When the CoinDesk founder, Shakil Khan, approached me in 2013 about investing in a new media company focused on bitcoin and its emerging community, I jumped at the opportunity. Most people believe that media companies are terrible investments – but I believed that a strong, independent publication was essential to the development of this industry.
In 2016, it became clear that CoinDesk was in severe financial trouble and on the verge of extinction. As I was considering an investment, I was yet again advised that acquiring a media company would be a poor financial decision. And, after all, what did I know about building a media business? I ignored the naysayers because I believed in CoinDesk and its essential voice in the industry.
I haven’t worked in news but I know that a media company is only valuable if you have great journalists producing terrific content. I knew that I needed to choose strong leaders and let them build a terrific team with a steadfast commitment to cover the industry with honesty, integrity, and independence. Basically, it’s the same rule I follow with our other businesses – hire smart people and let them do their thing. Today, CoinDesk has grown from a small team that merely aggregated news to a global organization that produces the very best original blockchain journalism in the world.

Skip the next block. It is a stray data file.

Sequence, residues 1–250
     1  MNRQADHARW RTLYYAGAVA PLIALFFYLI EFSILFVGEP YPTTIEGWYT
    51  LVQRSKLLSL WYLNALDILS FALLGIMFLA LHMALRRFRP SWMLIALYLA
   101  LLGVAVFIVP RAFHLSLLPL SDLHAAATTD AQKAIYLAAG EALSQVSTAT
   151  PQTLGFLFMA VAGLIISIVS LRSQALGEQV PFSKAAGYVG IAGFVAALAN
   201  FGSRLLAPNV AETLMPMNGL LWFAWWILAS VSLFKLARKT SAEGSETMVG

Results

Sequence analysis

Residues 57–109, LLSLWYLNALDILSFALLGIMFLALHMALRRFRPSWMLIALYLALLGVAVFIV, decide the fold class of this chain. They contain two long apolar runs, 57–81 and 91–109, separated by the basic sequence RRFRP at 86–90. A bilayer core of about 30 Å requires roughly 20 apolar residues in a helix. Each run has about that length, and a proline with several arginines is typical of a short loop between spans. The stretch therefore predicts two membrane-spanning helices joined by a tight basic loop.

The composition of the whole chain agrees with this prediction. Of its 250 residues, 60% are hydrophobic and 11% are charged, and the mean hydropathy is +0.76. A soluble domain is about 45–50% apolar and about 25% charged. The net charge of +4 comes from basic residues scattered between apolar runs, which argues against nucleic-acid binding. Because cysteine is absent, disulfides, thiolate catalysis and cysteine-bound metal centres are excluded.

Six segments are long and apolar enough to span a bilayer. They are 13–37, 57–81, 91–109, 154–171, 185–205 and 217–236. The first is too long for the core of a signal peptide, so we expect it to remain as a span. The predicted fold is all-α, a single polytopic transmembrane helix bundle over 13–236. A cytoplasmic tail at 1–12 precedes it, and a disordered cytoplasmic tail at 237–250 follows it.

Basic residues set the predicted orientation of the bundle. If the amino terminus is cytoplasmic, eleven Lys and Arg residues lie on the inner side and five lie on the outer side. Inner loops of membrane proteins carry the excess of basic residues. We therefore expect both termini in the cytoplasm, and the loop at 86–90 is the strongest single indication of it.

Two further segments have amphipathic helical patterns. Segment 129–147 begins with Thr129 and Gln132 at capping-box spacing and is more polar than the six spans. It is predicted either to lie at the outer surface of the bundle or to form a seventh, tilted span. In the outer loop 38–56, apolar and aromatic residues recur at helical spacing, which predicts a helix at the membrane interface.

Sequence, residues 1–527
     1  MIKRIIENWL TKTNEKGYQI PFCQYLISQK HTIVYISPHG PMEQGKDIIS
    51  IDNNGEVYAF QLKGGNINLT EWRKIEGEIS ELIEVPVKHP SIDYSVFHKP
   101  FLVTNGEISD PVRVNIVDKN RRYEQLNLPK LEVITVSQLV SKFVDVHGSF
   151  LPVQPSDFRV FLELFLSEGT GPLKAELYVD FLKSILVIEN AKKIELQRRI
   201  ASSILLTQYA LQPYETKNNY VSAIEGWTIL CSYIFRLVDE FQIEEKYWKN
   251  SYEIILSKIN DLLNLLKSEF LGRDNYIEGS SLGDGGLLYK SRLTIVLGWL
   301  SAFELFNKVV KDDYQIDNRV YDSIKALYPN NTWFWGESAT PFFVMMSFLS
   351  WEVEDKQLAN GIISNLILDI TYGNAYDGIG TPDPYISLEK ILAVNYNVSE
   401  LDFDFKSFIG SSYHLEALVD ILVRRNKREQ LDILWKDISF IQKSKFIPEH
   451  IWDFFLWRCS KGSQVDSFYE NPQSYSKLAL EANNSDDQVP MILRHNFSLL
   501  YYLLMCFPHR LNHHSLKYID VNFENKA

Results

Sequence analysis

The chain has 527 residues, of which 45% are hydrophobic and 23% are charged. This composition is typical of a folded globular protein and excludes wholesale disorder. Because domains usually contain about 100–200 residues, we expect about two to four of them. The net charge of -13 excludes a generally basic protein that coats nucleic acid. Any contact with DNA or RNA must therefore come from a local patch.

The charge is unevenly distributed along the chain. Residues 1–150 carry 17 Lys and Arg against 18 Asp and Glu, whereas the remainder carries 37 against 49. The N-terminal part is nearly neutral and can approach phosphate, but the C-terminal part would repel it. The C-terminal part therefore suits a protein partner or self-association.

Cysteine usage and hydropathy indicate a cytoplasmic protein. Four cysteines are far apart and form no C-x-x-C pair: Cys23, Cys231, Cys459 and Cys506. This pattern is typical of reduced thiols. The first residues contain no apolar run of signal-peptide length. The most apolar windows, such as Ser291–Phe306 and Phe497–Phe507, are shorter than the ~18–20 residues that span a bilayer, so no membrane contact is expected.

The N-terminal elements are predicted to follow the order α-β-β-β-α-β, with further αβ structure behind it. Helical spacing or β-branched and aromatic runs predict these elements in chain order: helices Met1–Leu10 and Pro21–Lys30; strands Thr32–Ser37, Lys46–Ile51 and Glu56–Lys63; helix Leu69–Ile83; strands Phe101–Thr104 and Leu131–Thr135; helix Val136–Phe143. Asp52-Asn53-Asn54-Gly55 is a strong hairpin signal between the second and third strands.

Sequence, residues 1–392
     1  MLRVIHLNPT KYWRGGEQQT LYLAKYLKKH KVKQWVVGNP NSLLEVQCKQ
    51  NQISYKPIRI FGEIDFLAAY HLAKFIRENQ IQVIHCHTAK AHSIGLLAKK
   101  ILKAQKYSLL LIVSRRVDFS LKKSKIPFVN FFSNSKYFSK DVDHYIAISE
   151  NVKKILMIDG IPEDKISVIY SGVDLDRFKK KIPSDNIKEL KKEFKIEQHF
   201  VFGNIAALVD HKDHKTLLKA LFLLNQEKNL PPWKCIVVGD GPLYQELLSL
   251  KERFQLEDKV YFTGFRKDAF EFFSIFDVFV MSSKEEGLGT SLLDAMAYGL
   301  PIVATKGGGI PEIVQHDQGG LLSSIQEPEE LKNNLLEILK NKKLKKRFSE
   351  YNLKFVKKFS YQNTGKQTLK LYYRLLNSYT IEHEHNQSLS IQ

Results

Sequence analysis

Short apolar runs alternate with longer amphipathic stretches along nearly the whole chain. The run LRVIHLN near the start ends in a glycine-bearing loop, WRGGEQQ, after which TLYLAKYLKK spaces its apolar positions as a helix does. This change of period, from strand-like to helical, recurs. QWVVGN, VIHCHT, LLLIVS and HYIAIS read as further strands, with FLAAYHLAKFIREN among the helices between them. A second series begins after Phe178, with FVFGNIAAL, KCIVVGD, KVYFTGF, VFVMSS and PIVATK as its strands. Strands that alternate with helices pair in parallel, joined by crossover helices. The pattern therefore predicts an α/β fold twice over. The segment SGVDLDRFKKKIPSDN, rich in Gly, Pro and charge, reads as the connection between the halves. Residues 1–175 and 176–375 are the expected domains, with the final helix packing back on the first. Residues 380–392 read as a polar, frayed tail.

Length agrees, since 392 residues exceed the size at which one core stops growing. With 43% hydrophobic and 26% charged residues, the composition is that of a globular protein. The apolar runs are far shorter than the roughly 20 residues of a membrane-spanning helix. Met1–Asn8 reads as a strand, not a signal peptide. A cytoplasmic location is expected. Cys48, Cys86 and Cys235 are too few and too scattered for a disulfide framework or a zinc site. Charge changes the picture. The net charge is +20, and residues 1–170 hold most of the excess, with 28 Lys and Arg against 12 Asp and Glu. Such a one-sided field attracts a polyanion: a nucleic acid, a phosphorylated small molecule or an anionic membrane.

Kevin informed you this morning that CoinDesk will be moving to a new office in 2020. Yes, the office is located on the 2nd floor of XXXXXX, and yes, that’s the same building where DCG, Grayscale, and Genesis reside on the 5th floor. That’s created concern and anxiety among some of you, with the belief that the dynamic between DCG and CoinDesk has somehow changed.
Well, it has. We are committed to investing significant resources into CoinDesk so that we can retain our talent, hire new voices, build great new products, continue to host high-end conferences, and continue to produce the best journalism in the industry. But there should be no doubt in anyone’s minds about our view on supporting an influential, truly independent newsroom: we are 100% committed to preserving that independence.
I will never tell you what to write, who to cover, or how to write it. Nor will my team. We will not ask you to “go easy” on our portfolio companies, or to coddle DCG and its subsidiaries. And I will never ask you to go easy on me. To the contrary, we recognize that CoinDesk only has value if it remains a truly independent editorial voice.
So why move CoinDesk to XXXXXXX? Several reasons: